Among free agents, Andrew Benintendi is still on the board, as is Michael Brantley, Michael Conforto, J.D. Martinez and Brandon Nimmo. Bryan Reynolds has requested a trade from the Pittsburgh Pirates, though it doesn’t seem the team is too keen on meeting those demands.

Benintendi, who is forecasted to net $56 million over four years, provides a strong on-base percentage, but not much in the way of power; Brantley is 36 and coming off season cut short by injury and one in which he struggled; Martinez is 35 and just had his worst season since 2012 with 1.0 fWAR; and Nimmo comes with draft-pick compensation after receiving the qualifying offer from the New York Mets.

Conforto, though, is an intriguing thought. The 29-year-old sat out last season recovering from shoulder surgery and some forecasts have him signing for $14 million on a one-year deal or 2 years at $34 million.

A former All-Star, who has five seasons with an OPS of .797 or higher and has averaged 28 home runs, Conforto no longer has that draft compensation attached after declining the Mets’ qualifying offer last winter.

3. Raisel Iglesias’ time is now

Kenley Jansen moved on, turning his one-year, $16 million deal with the Braves last season into a two-year pact at the same rate with the Boston Red Sox.

Anthopoulos had discussed an openness to bringing Jansen back as closer in 2023, that despite having acquired Raisel Iglesias at the deadline from the Los Angeles Angels. But now, the page is turned, and the Iglesias era has officially begun, and the Braves got him some reinforcements.

The potential is tantalizing based on what Iglesias did after the deal, pitching to a 0.34 ERA with 30 strikeouts and five walks in 26 1/3 innings. Right-handers hit .192 against him, while he held lefties to a .175 average, and as he gave up just one earned run over 28 games.

Post-deadline, no reliever with a minimum of 25 innings had a better ERA, and only one other NL reliever was below 1.71, Iglesias’ teammate, A.J. Minter at 0.98. The loss of Tyler Matzek to Tommy John surgery hurts, but the Braves were able to supplement the group with Wednesday night’s trade, in which they got right-hander Joe Jimenez — whose slider netted a .182 average against and 42.4 percent whiff rate — from the Tigers for outfield prospect Justyn-Henry Malloy and lefty minor leaguer Jake Higginbotham.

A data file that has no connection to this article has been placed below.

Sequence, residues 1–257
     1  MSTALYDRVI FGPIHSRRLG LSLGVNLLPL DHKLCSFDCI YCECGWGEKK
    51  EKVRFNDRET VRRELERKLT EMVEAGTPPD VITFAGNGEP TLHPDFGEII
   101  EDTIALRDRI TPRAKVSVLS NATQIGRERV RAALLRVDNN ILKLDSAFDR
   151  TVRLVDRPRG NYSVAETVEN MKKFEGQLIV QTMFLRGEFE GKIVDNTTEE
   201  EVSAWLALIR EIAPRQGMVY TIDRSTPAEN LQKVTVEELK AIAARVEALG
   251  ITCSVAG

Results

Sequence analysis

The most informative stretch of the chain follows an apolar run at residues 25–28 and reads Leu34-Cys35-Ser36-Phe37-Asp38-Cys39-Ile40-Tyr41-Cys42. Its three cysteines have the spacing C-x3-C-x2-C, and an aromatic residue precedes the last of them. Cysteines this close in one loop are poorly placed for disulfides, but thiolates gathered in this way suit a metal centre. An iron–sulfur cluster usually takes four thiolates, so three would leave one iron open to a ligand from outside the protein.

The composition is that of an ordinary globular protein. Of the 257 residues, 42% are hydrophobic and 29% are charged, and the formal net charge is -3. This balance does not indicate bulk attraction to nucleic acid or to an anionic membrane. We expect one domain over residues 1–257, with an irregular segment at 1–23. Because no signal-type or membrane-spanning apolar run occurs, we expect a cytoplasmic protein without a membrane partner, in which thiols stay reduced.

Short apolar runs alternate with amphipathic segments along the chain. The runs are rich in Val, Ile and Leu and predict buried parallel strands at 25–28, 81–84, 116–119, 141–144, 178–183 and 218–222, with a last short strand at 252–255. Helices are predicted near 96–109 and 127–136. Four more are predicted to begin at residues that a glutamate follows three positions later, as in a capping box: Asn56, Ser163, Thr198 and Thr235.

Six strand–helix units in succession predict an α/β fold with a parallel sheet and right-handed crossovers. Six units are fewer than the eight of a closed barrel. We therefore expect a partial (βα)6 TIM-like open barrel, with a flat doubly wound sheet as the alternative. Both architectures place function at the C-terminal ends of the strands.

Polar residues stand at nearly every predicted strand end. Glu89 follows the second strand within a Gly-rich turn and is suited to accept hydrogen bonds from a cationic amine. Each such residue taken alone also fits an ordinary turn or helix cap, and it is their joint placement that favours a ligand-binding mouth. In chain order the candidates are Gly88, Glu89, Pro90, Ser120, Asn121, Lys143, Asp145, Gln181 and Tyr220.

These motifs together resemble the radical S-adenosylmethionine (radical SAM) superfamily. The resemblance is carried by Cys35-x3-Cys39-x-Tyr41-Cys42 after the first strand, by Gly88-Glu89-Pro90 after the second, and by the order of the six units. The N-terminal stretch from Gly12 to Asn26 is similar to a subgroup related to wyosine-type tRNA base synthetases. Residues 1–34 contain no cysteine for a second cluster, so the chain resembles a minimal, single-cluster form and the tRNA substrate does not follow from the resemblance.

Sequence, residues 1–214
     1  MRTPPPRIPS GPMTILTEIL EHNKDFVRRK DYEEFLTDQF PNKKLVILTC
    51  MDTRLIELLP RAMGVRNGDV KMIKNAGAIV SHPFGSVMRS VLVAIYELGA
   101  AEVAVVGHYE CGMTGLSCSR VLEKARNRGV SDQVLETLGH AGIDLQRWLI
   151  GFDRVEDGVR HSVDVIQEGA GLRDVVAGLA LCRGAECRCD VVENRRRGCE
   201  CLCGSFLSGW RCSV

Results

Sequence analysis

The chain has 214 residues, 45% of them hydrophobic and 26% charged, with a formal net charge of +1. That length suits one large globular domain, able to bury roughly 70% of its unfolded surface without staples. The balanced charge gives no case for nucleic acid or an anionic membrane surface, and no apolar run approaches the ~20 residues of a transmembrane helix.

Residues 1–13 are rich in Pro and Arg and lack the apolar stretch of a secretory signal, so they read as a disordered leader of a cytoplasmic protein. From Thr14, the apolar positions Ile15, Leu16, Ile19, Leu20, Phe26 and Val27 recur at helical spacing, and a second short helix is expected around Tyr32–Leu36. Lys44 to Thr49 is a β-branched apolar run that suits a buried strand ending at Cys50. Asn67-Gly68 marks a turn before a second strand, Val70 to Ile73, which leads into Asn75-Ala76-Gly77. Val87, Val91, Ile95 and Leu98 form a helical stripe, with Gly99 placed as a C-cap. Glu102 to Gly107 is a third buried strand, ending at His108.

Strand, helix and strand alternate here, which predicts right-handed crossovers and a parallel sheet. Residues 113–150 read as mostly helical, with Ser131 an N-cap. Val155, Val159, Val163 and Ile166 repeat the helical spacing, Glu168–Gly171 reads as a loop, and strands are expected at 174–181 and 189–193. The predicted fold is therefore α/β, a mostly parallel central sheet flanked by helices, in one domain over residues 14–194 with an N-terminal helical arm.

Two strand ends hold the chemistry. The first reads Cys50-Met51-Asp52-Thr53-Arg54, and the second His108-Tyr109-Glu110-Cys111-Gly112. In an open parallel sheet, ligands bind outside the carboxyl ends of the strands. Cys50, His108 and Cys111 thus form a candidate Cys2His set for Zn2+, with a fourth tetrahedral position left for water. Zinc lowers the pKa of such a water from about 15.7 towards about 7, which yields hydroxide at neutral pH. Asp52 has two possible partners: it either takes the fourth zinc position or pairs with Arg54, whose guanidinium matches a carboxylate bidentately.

Atlanta had the league’s season-best relief core last season at 7.6 fWAR, and don’t be surprised if the bullpen is even better in 2023.

Let’s switch gears and look at some big moves the Braves’ division rivals made, and more coming out of Winter Meetings ...

4. Mets have a rotation for the aged

Jacob deGrom bolted for the Texas Rangers and a five-year, $185 million deal, and how did Steve Cohen and his bottomless pockets respond? The Mets went out and signed Justin Verlander for two years at an AAV of $43.3 million, tying Max Scherzer for the record.

New York wasn’t done tweaking its rotation, next adding Jose Quintana on a two-year, $26 million deal. Add in Carlos Carrasco, and whatever happens with an expected option competition for the fifth spot, and it has the makings of a more solid rotation than the one that was fourth in rotation fWAR last season at 31.3.

Despite missing nearly two complete seasons after Tommy John surgery, Verlander has thrown just 24 1/3 fewer innings than deGrom since the start of 2019. Meanwhile, Quintana was a revelation last year, and improved after being dealt to the St. Louis Cardinals (2.01 ERA in 12 starts).

Again, it has the makings of a more solid rotation, but Verlander is going into his age-40 season, Scherzer turns 38 in 2023, Carrasco will be 36 and Quintana turns 34. Only six pitching staffs in history have had more than 100 combined starts from pitchers 34 or older, led by the 1998 Seattle Mariners with 115, and the Braves in 2000 with 109 and 2001 with 108.

No team since 2006 has hit triple digit in starts out of that age set but doing so may well be the key to the Mets’ chances in 2023.

5. Braves killer Trea Turner coming back to the division

Trea Turner has done major damage against the Braves in his career, with the former Washington National and Dodger hitting 17 home runs vs. Atlanta — the most of any opponent — while slashing .319/.363/.530 against them.

It’s not exactly a welcome sight, then, to see his returning to the division on an 11-year, $300-million deal. The contract may not age well considering how big of an element of Turner’s game speed is, but in the meantime, the reigning NL champs just got that much better and more prepared to weather Bryce Harper’s absence.

But if there’s a silver lining in all this, it’s that the changes to MLB’s schedule structure means the Braves will only have to see Turner 13 times a year now instead of the 19 times they used to play teams within their division.